Tarsal coalition is a congenital condition that occurs when the tarsal bones at the back of the foot are abnormally connected, causing pain and limitations in walking. Because of the joint bones, the foot may appear to be made up of a “bar of bones”, looking flatter and stiffer than a normal foot. Depending on the degree of attachment, if the bones are connected by fibrous tissue, the foot would be more flexible compared to a bony connection. About 1% of the population is affected by tarsal coalition.
Most cases are present at birth as the tarsal bones fail to separate during foetal development. And because tarsal coalition is an autosomal dominant genetic condition, children are likely to inherit the disorder if one of the parents has it.
The symptoms may only appear later in life or when the bones are beginning to mature. The most common sign is pain on the outside of the foot along the fibula, especially when walking or standing. The foot feels stiffer and flatter, and the patient might walk with a limp because of the rigid bone structure. Over time, other joints may be affected and pain is felt at the outer top side of the foot.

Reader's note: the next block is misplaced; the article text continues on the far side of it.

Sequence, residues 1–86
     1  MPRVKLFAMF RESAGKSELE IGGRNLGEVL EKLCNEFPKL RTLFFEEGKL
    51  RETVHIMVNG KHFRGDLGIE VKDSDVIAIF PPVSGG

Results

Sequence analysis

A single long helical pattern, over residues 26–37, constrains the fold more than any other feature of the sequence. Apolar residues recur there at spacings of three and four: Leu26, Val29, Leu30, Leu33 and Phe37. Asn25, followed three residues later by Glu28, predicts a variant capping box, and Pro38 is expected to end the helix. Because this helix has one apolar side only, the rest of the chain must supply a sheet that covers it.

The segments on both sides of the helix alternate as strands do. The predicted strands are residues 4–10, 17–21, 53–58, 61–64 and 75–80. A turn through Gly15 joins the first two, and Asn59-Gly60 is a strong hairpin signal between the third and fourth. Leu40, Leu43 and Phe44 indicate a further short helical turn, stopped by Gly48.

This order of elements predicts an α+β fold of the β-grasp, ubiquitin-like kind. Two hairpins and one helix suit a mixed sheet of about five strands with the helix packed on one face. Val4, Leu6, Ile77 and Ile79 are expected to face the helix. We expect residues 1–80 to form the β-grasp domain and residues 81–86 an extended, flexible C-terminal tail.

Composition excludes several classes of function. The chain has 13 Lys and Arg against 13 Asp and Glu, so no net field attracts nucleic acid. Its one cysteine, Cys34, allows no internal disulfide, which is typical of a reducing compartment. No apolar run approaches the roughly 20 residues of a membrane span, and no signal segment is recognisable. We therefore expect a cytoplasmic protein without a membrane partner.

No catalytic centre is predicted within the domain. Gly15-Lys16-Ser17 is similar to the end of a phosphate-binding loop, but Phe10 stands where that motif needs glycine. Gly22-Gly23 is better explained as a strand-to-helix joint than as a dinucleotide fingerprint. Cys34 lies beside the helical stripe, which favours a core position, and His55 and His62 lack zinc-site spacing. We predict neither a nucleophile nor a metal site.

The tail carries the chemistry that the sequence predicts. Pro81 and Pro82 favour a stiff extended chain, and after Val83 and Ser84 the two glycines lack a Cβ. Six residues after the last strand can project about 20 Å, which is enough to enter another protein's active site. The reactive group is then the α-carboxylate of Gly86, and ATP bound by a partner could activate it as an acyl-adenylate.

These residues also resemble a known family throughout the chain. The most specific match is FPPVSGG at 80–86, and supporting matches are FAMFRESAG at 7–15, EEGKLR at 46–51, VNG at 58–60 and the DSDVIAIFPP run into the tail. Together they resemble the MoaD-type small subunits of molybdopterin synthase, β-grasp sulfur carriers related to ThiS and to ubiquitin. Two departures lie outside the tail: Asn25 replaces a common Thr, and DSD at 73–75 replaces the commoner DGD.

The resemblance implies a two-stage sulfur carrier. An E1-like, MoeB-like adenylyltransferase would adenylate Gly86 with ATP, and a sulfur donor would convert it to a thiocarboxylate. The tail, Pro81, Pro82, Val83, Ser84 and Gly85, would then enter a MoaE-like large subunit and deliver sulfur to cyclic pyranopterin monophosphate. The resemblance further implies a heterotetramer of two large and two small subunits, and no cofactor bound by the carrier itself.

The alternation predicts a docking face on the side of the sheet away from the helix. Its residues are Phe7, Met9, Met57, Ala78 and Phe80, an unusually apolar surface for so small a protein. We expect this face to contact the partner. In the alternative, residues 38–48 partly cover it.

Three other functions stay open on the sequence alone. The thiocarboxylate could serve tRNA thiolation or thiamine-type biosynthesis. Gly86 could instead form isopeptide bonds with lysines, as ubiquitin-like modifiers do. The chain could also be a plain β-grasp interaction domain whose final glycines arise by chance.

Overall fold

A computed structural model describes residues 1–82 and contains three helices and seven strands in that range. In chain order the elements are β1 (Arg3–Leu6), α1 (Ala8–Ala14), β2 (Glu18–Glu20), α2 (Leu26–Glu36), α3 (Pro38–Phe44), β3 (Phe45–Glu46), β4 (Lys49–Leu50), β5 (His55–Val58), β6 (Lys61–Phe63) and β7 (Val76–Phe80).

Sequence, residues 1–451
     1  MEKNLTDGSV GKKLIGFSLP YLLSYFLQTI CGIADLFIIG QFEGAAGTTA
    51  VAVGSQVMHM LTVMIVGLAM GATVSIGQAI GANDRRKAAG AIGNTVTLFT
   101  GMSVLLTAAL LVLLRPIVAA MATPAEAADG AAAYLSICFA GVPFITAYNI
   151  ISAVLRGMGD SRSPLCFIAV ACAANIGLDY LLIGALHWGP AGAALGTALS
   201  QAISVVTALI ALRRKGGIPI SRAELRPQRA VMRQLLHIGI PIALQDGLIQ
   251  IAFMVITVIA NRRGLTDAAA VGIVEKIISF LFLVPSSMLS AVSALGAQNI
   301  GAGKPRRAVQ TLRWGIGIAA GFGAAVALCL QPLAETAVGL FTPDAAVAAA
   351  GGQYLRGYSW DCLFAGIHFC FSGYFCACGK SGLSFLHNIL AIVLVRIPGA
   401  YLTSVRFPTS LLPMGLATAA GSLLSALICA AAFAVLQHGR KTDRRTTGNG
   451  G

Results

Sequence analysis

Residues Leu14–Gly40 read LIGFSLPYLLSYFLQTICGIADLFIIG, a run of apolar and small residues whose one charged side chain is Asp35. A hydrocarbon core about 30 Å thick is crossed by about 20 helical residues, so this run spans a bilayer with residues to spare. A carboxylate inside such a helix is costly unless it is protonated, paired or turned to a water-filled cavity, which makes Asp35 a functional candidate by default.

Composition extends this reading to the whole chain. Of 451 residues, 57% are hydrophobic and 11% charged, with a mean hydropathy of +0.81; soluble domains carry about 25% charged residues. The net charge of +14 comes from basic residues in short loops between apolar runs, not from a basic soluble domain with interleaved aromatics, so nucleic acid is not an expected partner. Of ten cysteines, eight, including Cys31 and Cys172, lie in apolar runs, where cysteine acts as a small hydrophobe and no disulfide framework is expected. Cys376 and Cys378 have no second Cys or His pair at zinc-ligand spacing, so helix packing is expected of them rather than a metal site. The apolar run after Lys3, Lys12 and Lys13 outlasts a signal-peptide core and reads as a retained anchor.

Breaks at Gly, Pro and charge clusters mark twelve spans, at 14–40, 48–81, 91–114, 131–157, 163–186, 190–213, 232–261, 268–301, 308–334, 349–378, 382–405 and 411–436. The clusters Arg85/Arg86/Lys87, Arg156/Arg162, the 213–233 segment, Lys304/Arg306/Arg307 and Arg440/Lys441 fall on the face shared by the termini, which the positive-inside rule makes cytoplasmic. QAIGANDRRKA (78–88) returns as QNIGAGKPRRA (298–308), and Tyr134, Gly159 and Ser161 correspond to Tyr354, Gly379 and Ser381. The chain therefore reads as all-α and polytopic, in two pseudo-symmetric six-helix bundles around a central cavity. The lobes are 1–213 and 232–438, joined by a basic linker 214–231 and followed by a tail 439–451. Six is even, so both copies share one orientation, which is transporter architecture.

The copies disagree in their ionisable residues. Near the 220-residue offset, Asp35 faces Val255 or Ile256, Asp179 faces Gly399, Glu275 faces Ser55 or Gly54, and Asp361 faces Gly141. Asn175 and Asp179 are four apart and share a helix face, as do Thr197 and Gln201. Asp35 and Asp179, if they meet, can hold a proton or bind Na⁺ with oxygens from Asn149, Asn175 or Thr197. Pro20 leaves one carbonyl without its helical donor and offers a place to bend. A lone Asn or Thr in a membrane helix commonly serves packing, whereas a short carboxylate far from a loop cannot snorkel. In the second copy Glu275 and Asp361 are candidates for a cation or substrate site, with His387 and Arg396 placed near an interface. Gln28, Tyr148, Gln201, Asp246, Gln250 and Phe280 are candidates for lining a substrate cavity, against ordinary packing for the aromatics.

Because the bones are still developing during childhood, it may be difficult to diagnose until the bones begin to mature at about 9 years old. Some people only discover it during adulthood when affected by the symptoms. To help the doctor diagnose, it is important to give a full history of the duration and development of the symptoms, together with the activity level involved in the patient’s daily life. The patient’s walking movements are observed and followed by a thorough physical examination of the foot to look for tenderness and restriction of motions in the joints.
Depending on the severity of the condition, surgical or non-surgical treatment can be used to relieve the symptoms and reduce motion of the joints.
The foot is immobilized in a cast or brace for two to four weeks to allow the joints to rest. Steroid injections and oral medications such as nonsteroidal anti-inflammatory drugs (NSAIDs) may be prescribed to reduce the pain and inflammation. After the cast is removed, custom made orthotics is placed into footwear to support the joints and reduce pain when walking. Patient may have to go through regular physical therapy sessions.
If the patient does not respond well to non-surgical treatment and the symptoms do not seem to subside, or if the condition is too severe, surgical treatment is opted for.
Depending on the age of the patient that tells the maturity of the bones, the goal of the surgery is either to restore the motion of the joints by removing or excising the bones, or fusing the joints together to form a solid bone. Removing or excising the bones is only recommended for young children as restoring motion in more mature and degenerative bones may not be enough to stop the pain.